In God without Being Catholic theologian and philosopher Jean-Luc Marion offers one of the more brilliant interpretations of the parable of the prodigal son (Luke 15:12-32). His purpose for providing an exegesis of the parable is to show how it outwits Being according to the rules Being has set for itself. Marion wants to free us (and God) from the confines of Being, or thinking only in terms of Being, and therefore being enslaved to thinking only in terms of what “is.” It is ingrained in theology that God, before all else, must be. But Marion wants to reveal “God without Being,” and to show that which is beyond Being, and thus to reveal the living God, unconfined by the limits of Being and understood instead in terms of love and the gift: God is love before all else.
What game does Being play when it outwits the difference that inscribes it in being (95)? Marion points out that Luke 15:12-32 offers the only usage in the entire New Testament for the philosophical term par excellence of ousia, or “substance,” a term upon which much of Aristotle’s philosophy (and thus much of philosophy since then) was built. In the parable, Ousia is goods disposable for possession and power, that which the younger son receives from his father and henceforth wastes. Only possession is at stake; the son, as an heir (though the younger heir), already had the use and enjoyment of the ousia, but did not outright possess it. The son’s suffering comes not from being unable to enjoy the ousia, but from having it only as a gift from his father. Therefore, what he asks is not to have his share of the ousia, but to not owe his enjoyment of the ousia to a gift; he seeks not the ousia itself but the ousia as possession. He wants the ousia without it being given by gracious concession. He wants to enjoy the ousia without having to pass through or have contact with the gift. He essentially asks to not have a father any longer, to have ousia without the gift. Annulment of the gift is the point here. But, severed from the gift and orphaned and fatherless, ousia thus dissipates, becomes dispossessed, squandered. It is liquidated and lost. Without a relationship of filiation (the fact of being designated the child of particular parents), such abandonment starves him, but more importantly, being stripped of a father thus strips him of sonhood, makes him into a hireling, depriving him not only of his beloved ousia, but also of filiation, and even humanity as he begins living with swine. When he returns to his father, he therefore cannot even think of himself in terms of filiation; he had no father and was therefore not a son. The father restores his sonhood (“here is my son, who had died and who lives anew.”)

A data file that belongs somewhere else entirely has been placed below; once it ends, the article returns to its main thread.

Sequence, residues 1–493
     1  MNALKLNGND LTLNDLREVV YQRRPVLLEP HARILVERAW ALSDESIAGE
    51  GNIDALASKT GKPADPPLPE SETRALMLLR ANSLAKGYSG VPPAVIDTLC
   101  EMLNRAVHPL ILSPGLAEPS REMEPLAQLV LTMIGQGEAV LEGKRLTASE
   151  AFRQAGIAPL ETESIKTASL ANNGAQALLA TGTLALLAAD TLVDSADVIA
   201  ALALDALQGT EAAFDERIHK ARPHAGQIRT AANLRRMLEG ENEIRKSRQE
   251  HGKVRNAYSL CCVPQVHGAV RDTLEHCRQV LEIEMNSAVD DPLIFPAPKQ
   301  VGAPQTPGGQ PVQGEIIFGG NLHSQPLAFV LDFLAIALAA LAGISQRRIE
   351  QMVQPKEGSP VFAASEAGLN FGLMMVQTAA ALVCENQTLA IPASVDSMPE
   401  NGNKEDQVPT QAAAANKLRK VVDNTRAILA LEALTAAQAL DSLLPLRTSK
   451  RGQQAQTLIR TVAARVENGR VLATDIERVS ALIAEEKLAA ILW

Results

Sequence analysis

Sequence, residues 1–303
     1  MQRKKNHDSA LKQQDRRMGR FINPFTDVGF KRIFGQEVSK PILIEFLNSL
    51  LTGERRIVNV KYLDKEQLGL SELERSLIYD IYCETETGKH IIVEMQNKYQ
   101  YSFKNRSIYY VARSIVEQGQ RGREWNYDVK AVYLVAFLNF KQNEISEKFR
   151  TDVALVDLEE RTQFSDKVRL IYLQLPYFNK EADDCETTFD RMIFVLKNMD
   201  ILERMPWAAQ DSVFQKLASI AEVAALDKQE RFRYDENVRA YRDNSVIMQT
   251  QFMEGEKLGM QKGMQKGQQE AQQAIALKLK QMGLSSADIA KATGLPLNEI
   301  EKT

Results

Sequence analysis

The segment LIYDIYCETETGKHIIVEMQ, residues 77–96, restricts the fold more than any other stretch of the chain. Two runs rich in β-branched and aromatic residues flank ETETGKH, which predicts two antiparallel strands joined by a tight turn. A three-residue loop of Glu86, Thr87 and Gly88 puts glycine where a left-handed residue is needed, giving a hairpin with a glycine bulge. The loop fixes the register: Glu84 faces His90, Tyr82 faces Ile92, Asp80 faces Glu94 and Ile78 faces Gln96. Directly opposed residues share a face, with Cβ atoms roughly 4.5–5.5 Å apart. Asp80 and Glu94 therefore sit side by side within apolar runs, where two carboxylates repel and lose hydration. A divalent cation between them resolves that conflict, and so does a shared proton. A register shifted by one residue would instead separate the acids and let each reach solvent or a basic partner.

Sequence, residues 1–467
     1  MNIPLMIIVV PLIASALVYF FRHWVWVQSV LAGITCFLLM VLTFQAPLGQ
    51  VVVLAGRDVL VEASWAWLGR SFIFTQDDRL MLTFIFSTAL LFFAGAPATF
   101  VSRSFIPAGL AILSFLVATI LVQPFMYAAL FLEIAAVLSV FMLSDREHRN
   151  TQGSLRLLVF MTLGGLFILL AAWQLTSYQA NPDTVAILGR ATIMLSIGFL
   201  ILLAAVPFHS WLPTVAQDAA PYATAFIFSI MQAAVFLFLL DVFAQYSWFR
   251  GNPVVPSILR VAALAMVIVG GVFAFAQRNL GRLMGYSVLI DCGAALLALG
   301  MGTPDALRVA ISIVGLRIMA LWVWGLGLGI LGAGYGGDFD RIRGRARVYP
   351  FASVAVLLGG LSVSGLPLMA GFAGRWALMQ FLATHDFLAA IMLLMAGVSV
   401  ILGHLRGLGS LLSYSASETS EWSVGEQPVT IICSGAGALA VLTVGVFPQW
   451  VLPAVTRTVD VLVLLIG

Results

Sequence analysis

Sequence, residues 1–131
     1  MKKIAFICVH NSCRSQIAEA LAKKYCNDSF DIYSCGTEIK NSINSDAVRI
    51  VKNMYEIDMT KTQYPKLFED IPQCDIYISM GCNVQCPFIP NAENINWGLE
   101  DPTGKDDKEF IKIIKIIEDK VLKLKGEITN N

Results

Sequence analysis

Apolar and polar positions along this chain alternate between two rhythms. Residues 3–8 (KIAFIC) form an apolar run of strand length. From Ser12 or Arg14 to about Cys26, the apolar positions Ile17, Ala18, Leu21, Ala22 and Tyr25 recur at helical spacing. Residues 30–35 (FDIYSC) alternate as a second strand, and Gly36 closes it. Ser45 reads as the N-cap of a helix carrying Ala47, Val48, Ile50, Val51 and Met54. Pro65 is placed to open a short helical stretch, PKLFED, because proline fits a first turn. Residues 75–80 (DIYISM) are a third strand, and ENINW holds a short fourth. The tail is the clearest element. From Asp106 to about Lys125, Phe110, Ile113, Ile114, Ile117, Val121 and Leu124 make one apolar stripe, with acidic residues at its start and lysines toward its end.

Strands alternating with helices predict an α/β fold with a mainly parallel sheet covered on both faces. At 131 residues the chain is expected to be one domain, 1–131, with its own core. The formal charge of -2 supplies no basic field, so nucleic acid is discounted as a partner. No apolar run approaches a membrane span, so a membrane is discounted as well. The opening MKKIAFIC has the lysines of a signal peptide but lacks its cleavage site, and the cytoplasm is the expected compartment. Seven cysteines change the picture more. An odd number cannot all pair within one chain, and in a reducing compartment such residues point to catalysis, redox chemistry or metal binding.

The other son really had the same desires as the younger, to have ousia without the gift that bestows it (15:29). The father’s response to the older son doesn’t distinguish between the two sons: “you son are always with me and all that is mine is yours also.” The term ousia only appears in the sons’ speech; the father virtually doesn’t even see it. For the father the ousia is a gift ceaselessly re-given, not a substance that he owns. For the sons the ousia was an idol, and their gazes were frozen upon it, an invisible mirror perfectly reflecting themselves. Goods are a medium of exchange, through which we give ourselves to one another, a circulation of gift, giving, received, given. For the father the ousia was at best a momentary currency of infinite generosity, hidden behind the title of “property.” The sons’ gaze was idolatrous; it mistook the currency for the exchange which it was supposed to signify. The father’s gaze, on the other hand, was iconic; the currency, or the ousia, was a visible mirror that reflected the infinite and invisible: the circulation of the fathomless and immeasurable gift. “All that is mine is also yours”: hence nothing becomes ousia (as request for possession without gift). Ousia is dispossessed of itself. “Thus, ousia is inscribed in the play of donation, abandon, pardon, that make of it the currency of an entirely other exchange than of beings.” (100) Ousia, or being par excellence, finds itself taken up in a game radically foreign to being. Therefore, being eludes Being: through the gift. And thus it gives beings/Being. The gift delivers Being and liberates it.
Aside from the philosophical implications, Marion’s interpretation is remarkable in elucidating what it was that the son truly desired and how this idolatrous desire wrecked him completely. The father, on the other hand, as symbol of the iconic instead of the idolatrous, reveals the infinite love behind the gift, and how this view of love and giving can utterly change one’s view of the world and how we interact with it and other human beings.